Optional coverages that a good snowmobile insurance policy should offer:
While not all of these add-ons will apply or be important to you, they are important to many sledders that don’t know such coverage exists. And for those who could use any of these above coverages, you'll be surprised to learn how little extra it costs.
Always inquire about higher levels of coverage.
Once you’ve zoomed in on a snowmobile insurance policy that you’re about ready to buy, be sure to inquire about higher levels of coverage beforehand. You will sometimes find some great low hanging fruit! Don’t make the mistake of getting into the auto insurance mind set when considering levels of coverage. Snowmobile insurance is priced much cheaper than auto insurance (as is any other type of off-road vehicle)… It never hurts to ask “How much more would it cost for the next higher level of ______?”. That blank can be one of several things, depending on which coverages are more important to you. But they include:
The above are the five basic coverages of a snowmobile insurance policy. I would almost bet that you will find at least one of those five components will only cost you peanuts to upgrade to the next better level.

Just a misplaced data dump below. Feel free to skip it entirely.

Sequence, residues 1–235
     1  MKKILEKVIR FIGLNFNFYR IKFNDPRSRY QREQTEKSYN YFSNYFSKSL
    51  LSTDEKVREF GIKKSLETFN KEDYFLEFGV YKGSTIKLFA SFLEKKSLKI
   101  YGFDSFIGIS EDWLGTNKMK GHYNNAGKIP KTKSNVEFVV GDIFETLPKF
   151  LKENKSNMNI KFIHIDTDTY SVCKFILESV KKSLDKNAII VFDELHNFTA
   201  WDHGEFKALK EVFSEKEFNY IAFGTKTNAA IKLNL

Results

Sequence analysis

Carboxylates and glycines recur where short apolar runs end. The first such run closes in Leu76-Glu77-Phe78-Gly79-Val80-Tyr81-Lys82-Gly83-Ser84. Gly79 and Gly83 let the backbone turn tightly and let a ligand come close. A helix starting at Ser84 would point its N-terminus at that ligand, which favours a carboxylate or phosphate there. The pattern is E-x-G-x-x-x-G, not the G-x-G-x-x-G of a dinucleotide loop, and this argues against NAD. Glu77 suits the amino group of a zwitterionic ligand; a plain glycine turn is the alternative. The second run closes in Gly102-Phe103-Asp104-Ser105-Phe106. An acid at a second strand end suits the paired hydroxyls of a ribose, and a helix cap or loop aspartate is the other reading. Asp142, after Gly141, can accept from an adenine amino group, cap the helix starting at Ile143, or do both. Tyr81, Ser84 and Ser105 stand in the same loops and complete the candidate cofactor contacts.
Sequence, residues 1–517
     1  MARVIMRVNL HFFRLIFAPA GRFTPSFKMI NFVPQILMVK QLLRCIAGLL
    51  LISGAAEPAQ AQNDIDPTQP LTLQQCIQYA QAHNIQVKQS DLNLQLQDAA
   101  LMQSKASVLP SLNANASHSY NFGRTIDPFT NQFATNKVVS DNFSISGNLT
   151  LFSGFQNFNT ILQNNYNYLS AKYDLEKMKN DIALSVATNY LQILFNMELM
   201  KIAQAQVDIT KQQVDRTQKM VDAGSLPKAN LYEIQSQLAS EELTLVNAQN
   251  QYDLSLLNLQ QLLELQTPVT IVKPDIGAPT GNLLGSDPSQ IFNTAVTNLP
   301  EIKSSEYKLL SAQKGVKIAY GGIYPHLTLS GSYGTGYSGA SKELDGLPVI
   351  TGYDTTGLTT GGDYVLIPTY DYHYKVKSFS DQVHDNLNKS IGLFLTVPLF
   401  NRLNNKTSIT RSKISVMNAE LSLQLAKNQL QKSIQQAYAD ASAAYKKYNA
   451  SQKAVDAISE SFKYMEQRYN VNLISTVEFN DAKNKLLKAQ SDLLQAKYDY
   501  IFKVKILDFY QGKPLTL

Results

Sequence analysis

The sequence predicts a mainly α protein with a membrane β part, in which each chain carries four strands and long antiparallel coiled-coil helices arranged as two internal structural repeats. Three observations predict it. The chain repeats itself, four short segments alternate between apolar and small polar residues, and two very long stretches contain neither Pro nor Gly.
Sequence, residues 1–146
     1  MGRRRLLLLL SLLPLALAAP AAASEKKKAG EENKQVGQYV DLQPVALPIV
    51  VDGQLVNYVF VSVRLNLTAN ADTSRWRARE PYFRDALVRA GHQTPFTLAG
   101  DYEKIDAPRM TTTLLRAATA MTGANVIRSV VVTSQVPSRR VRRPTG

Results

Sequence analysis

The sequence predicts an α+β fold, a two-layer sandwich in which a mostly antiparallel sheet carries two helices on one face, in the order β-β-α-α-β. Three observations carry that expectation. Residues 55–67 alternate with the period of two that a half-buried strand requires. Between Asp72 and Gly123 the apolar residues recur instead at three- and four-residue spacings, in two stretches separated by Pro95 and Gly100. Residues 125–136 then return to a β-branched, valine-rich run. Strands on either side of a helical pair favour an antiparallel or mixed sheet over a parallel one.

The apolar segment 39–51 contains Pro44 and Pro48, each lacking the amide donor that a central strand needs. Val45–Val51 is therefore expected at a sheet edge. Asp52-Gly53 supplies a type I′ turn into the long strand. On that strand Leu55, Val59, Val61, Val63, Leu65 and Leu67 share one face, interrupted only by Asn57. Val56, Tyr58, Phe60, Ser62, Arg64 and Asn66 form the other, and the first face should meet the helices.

* Quick note about medical payments/benefits coverage: While Michigan law requires auto insurance policies to have unlimited lifetime medical benefits coverage, that does not apply to snowmobile insurance policies. Medical coverage on snowmobile insurance is optional (if it’s offered at all). You get to choose your level of coverage, and it costs much less. Don’t be afraid to look into it.
Best place to shop online for snowmobile insurance coverage.
Your best bet is to find an independent agent that sells snowmobile insurance. That way, you can get prices from multiple companies at once. This way is more time efficient than having to quote one company at a time. The companies that an independent agent carries tend to be most of the better companies as far as coverage and price for snowmobiles.